Your home inspection report might contain suggestions for repairs to carry out, as well as tips for when and how to perform seasonal maintenance checks to your house.  Set up a filing system for manuals and instructions, and create a to-do list you can refer to throughout the year. It’s recommended you save about 1% of your home’s purchase price each year for repairs. Since you’ll probably need the services of a plumber, electrician, exterminator or landscaper at some point, research local businesses. 

Your REALTOR® can also help you navigate the whole moving process and also recommend reputable tradespeople, so don’t hesitate to reach out so all your questions get answered as you celebrate this new chapter in your life.

Source: Realtor.ca –  Wendy Helfenbaum

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Why You Should Buy Less House Than You Can Afford

When it comes to real estate, the more you spend, the more money everyone makes. And it happens on every level of your home purchase.

The costs start adding up once you find the perfect place. According to the National Association of Realtors, real estate agents get paid by taking a percentage of the purchase price of your home. In other words, the more you spend, the bigger the payday. And the bigger the loan, the higher the closing costs and borrowing fees tend to be – a benefit that goes directly from your pocket to your lender’s.

In case you were wondering, this is why your real estate professional may pay little attention when you tell them you only want to spend X number of dollars on a new home. It’s not that they aren’t professional, or that they don’t care about your financial situation; it’s just that they only stand to benefit if your budget creeps up a few dollars here or there.

And what’s a few thousand dollars between friends?

Budgeting for Your Priorities

I know – I’ve been there. When my husband and I moved to a new town last year, our income qualified us to spend 300% more than we planned. And even though we told our Realtor what our intentions were, it didn’t stop her from suggesting houses outside our comfort zone. In fact, I remember having plenty of conversations about it, and getting advice like this:

“You know, for every $1,000 you spend, your payment will only go up $16.”

“Your kids are getting older – you need a house you can grow into.”

“Interest rates are so low. You can get a lot more house for your money in today’s market.”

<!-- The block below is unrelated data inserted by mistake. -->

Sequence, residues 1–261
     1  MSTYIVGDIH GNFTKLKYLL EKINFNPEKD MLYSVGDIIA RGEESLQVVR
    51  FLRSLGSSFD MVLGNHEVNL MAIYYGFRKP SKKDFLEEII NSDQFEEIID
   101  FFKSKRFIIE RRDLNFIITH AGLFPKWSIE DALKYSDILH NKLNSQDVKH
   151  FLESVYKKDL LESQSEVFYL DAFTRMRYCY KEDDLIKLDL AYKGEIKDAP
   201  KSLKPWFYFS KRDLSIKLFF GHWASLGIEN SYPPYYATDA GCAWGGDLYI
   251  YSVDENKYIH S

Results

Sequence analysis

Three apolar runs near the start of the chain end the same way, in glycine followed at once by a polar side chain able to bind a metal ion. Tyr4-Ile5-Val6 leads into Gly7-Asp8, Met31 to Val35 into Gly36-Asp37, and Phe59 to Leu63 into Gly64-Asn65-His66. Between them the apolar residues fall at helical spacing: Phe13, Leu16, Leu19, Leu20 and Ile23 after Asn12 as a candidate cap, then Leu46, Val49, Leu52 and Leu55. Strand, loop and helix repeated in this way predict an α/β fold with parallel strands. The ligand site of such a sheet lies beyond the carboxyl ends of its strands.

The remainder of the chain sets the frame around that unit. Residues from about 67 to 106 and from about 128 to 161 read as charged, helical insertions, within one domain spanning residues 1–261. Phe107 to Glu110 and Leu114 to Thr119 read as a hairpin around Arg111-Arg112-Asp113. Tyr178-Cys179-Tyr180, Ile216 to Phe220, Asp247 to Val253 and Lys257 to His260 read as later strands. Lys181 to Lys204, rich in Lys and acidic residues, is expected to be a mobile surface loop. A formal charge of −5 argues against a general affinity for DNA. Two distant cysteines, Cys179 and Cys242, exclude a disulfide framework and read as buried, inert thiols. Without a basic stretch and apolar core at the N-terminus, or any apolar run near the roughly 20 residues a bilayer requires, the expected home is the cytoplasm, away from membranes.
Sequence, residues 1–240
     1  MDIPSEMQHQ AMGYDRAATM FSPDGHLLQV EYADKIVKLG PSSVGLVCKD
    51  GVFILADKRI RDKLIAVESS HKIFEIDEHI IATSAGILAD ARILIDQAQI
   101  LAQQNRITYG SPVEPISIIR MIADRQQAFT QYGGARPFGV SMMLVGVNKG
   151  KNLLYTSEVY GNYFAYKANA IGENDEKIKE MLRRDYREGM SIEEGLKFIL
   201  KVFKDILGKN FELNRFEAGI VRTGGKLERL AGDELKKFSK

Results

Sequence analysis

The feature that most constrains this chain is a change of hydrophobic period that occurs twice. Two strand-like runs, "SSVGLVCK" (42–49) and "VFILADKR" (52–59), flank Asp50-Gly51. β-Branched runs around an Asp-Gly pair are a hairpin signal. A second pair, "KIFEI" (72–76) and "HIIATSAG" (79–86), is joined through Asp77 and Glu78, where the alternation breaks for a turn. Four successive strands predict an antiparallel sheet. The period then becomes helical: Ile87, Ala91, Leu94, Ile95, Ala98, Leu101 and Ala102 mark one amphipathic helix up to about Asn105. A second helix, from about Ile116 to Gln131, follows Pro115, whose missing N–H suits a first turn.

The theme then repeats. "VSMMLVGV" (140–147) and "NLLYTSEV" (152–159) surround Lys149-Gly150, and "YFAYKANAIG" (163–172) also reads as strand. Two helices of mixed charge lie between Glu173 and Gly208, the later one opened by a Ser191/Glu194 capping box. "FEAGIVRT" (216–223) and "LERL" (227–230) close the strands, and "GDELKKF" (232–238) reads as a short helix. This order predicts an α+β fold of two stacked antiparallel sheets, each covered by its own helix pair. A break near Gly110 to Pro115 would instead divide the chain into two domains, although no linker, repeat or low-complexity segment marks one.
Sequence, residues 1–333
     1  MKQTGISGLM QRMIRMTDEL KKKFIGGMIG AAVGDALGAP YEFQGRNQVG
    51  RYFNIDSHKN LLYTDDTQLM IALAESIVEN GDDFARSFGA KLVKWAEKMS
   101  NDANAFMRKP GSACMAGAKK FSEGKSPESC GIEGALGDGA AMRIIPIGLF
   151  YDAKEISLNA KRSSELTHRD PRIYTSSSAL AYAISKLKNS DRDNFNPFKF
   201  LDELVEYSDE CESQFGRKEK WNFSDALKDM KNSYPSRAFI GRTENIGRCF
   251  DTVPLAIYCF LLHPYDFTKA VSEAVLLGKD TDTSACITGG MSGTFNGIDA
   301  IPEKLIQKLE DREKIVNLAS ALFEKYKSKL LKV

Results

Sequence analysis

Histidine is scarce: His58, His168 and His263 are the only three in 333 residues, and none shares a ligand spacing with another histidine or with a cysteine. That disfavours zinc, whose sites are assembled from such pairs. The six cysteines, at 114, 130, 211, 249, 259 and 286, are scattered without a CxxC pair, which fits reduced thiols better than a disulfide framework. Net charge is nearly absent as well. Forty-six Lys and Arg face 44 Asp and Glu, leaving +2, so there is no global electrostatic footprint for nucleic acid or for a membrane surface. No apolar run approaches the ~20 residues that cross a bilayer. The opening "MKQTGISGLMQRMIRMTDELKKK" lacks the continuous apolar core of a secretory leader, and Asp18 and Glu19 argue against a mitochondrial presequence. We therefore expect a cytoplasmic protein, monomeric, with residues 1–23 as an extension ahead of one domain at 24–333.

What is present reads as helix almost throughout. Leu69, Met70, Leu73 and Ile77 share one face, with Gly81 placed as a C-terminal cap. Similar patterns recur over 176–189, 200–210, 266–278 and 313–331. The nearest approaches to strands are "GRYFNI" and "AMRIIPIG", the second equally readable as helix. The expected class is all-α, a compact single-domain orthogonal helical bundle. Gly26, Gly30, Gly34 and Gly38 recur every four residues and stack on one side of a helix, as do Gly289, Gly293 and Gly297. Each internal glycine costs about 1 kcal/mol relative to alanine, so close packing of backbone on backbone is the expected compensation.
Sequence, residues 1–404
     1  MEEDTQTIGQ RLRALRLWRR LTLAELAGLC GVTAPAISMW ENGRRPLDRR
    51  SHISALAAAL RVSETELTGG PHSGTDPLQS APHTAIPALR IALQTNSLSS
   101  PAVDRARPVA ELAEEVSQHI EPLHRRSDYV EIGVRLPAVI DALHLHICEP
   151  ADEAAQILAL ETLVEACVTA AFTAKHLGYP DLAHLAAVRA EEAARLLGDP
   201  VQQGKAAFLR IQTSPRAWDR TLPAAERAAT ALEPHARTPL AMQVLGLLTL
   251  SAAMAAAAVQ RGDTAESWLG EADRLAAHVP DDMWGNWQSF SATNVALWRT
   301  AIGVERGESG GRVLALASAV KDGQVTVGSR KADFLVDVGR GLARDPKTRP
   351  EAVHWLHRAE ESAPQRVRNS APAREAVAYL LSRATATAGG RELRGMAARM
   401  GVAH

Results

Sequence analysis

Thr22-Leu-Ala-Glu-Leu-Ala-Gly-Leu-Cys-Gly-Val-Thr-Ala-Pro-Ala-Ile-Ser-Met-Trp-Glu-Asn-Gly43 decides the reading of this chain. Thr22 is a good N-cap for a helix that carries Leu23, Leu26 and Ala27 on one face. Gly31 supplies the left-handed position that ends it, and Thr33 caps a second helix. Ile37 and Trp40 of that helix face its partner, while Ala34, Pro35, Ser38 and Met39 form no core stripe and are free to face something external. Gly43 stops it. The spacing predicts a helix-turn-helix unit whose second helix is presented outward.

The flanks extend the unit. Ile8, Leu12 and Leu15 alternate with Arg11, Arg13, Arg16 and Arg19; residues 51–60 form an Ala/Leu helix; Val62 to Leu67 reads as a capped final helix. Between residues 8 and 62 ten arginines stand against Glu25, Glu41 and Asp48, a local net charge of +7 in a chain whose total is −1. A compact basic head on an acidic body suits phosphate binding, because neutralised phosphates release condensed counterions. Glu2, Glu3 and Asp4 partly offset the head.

In the end, we bought exactly what we wanted, and actually spent less than we planned. And it didn’t end up that way just because we’re cheap; we based our decision on our shared beliefs and goals.

Still, the principles that steered us toward a less expensive home don’t just apply to us; they could apply to your situation, too. There are some really good arguments against borrowing as much as you possibly can. Here are some of them:

What Goes Up Might Come Down

Decades ago, most people believed housing prices would keep climbing for eternity. I remember my mom telling me years ago that, when she and my dad bought their first home, their Realtor pushed them to borrow as much as possible.

“The more you buy, the more appreciation you will see over time,” they were told.

And that notion made sense at the time. After all, land is a limited commodity, and a growing population will always need somewhere to live. Housing prices should go up forever, in theory. The problem? Just because they should doesn’t mean they will stay that way.

In fact, the housing crisis of 2007-08 proved that market corrections are somewhat inevitable. Although some regions remained relatively unscathed, housing prices dropped an average of 30% nationwide. According to Forbes, some of the most overvalued housing markets, such as Las Vegas, saw housing values drop as much as 60% from 2006 to 2011. And other big markets followed suit. For example, the Chicago area witnessed a 40% drop in real estate prices, Detroit endured a 50% correction, and Phoenix saw housing prices plummet as much as 56%.